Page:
Posts: 7,358
Received 495 Votes on 459 Posts
If the bottom picture is the final product, with 12 Screws, that works out to only 7 #'s each, you nailed it!!!
 
  #8  
Old 12-14-18, 01:24 PM
M
Member
Join Date: Mar 2009
Location: Northern Virginia
Posts: 4,139
Received 16 Votes on 11 Posts
Didn't realize you were hanging the TV closer to the floor like that (I just noticed the base moulding). If you're putting a media cabinet underneath, that will hide the electrical outlet. And you could conceal the cables running to the TV through a short piece of wiremold right down the center.

Since you've already made swiss cheese of your wall, now would be a good time to run speaker wires for some wall mount left/right channels speakers if that appeals to you. Makes for a cleaner look IMO as opposed to floor speakers.
 
  #9  
Old 12-16-18, 04:39 PM
E
Member
Thread Starter
Join Date: Sep 2018
Location: USA
Posts: 18
Received 0 Votes on 0 Posts
Thanks guys.

I was starting to get paranoid.

It crossed my mind to add two sleeve ancors a foot above the tv mount and use some sort of steel wire as a backup, then I thought about replacing 4 tapcons with screws long enough to go through the wall so I could secure then on the outside of the house...

As you can see it was driving me insane but I believe your comments brought me back to reality, thanks a lot :-)

As for some of your questions and comments:

There is only 3/4 between drywall and block so it is not enough for any kind of outlet but it is enough to run the wires down so I will use this one gang brush plate in there.
I agree it is not the optimal place (in the center) but this particular mount will keep tv a minimum of 2 inches from the wall so it will be ok to run cables from the tv straight down.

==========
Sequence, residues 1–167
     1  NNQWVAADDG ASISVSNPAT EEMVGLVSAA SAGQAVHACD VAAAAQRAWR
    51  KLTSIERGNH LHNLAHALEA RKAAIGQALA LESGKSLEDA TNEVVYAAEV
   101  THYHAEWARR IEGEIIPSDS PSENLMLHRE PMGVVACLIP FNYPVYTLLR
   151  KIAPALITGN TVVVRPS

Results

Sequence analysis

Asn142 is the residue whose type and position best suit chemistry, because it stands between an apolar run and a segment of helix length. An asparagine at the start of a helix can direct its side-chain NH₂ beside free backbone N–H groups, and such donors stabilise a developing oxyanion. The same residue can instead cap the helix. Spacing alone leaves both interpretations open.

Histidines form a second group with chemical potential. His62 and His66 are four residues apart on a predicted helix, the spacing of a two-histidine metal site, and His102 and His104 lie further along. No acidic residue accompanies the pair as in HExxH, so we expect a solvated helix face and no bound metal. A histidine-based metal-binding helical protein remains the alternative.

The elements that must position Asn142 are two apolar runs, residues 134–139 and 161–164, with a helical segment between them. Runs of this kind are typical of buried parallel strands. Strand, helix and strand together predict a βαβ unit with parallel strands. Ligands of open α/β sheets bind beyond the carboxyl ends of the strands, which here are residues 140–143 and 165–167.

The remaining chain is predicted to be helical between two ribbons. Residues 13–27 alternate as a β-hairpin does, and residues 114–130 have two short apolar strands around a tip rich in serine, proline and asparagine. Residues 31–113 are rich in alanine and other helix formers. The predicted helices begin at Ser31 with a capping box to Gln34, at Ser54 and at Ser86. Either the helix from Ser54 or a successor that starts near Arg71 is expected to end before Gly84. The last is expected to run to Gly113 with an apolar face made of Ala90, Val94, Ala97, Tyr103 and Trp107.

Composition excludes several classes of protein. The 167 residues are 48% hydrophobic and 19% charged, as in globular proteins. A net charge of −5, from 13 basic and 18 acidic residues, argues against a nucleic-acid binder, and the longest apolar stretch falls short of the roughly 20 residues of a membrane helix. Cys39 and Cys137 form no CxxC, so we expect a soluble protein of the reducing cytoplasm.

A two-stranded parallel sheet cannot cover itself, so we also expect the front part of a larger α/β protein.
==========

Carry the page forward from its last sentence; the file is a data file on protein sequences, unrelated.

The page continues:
there was already a couple of outlets down (close to the floor): cable tv, ethernet power and speakers. TV rack will cover them all so no wires visible. This also answer the question regarding speakers... I'm lucky the house is already wired and I even have brackets on the roof for them (kind of behind the sofa).

As for the wall looking kind of weird around the bracket, the tv is big enough to make it impossible to see so we are good there (as you suggested).

And as for the TV being close to the floor... TV is 69 x 38 inches. It is pretty big so if it goes too high we will have to watch tv looking up.
I did some research on this subject and considering room size, distance from the sofa and everything else, that is the perfect height (I tested it and it felt pretty comfortable).

Thanks again everyone and please if you have some additional ideas, I will take all the help/suggestions I can get.
 
 

Thread Tools
Search this Thread
 
Ask a Question
Question Title:
Description:
Your question will be posted in: